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Tom Smart, Deseret News
FedEx employees send out packages on what the company expects to be the busiest shipping day in its history, Monday, Dec. 10, 2012, in Salt Lake City.

SALT LAKE CITY — ′Tis the season for shipping and receiving.

No one knows that better than companies handling millions of packages destined for  faraway Christmas trees. Contemporary Santa Clauses wear brown or blue shirts and shorts, not red suits with jingle bells.

"We had anywhere from 12,000 to 13,000 pieces come through this system this morning," Sherman Hadley, FedEx Express operations manager in West Valley City, said Monday. "We'll see another 20,000 to 25,000 outbound tonight just though our location."

FedEx processes about 9 million packages around the globe daily but was expected to more than double that Monday to about 19 million packages, a record day for the company.

Hadley said it's all thanks to online holiday shopping.

"It's earlier this year than it ever has been. It's heavier than it ever has been, so it's a record-setting day for us in terms of our outbound," he said.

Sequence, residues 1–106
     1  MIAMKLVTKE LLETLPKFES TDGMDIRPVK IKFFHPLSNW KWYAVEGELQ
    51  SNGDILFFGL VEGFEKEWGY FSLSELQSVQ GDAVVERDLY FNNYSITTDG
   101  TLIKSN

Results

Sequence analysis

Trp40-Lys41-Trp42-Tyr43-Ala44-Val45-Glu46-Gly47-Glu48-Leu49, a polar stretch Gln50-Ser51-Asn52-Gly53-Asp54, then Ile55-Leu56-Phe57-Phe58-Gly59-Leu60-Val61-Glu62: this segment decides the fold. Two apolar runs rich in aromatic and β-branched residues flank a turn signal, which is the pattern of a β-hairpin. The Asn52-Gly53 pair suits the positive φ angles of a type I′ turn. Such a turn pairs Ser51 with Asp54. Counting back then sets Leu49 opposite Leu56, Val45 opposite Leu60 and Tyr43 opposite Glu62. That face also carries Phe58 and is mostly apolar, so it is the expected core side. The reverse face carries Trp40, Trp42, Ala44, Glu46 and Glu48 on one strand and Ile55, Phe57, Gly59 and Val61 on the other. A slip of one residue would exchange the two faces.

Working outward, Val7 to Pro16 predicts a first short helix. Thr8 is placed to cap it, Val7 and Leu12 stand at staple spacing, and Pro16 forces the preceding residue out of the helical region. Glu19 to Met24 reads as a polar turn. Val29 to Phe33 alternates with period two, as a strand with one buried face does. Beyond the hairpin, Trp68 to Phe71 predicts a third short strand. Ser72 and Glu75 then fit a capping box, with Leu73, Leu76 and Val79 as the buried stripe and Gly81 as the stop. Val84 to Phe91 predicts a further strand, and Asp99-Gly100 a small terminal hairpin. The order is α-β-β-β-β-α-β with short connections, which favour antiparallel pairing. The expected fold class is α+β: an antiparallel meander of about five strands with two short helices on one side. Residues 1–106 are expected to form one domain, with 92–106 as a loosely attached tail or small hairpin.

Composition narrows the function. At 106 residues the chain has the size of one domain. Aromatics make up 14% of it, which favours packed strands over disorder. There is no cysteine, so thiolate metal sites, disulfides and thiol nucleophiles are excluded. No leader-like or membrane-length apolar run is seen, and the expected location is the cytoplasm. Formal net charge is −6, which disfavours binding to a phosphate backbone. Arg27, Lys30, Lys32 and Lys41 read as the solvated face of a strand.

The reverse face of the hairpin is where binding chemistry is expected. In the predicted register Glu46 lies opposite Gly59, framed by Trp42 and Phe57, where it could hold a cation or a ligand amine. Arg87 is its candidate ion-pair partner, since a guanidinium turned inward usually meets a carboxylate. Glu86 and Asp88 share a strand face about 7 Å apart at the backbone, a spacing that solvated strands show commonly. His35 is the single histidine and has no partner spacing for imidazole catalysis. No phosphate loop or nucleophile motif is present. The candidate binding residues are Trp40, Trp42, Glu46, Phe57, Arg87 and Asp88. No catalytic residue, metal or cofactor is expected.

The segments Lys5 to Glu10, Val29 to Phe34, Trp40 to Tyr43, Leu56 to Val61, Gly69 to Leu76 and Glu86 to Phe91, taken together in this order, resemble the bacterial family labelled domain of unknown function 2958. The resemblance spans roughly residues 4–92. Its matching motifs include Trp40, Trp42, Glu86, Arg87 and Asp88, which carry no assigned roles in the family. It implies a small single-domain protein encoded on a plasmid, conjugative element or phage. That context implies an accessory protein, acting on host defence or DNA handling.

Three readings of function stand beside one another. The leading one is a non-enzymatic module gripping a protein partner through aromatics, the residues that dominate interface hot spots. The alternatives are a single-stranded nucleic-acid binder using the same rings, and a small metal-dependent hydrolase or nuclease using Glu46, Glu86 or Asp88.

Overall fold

Things weren't bustling at the downtown UPS Store on Monday morning.

"I know this is the day they claimed to be the busiest shipping day of the year, but so far we're not that busy," said owner Nancy Taylor. "Things may pick up."

UPS projects its peak day to be Dec. 20, when it anticipates delivering 300 packages per second or 28 million worldwide, said spokeswoman Candy Hanson. It typically handles  15.8 million packages a day.

The U.S. Postal Service expects Dec. 17 to be the busiest mailing day of the year and Dec. 19 and Dec. 20 the busiest delivery days. It anticipates handling 365 million packages during the holiday season, a 20 percent increase over last year.

Overall, the post office projects to process nearly 18 billion cards, letters and packages between Thanksgiving and New Year's Eve.

Regardless of which carrier someone selects, there's still time to get those cards and gifts delivered before Christmas. Slowpokes, though, will end up paying higher prices.

"People pretty much know this week they better get it done or by next week you're looking at shipping things two-day air or overnight, which gets super expensive," Taylor said. "You still have those people that, no matter what, procrastinate, and they're here trying to make the decision to pay more to get their gifts there than they paid for their gifts."

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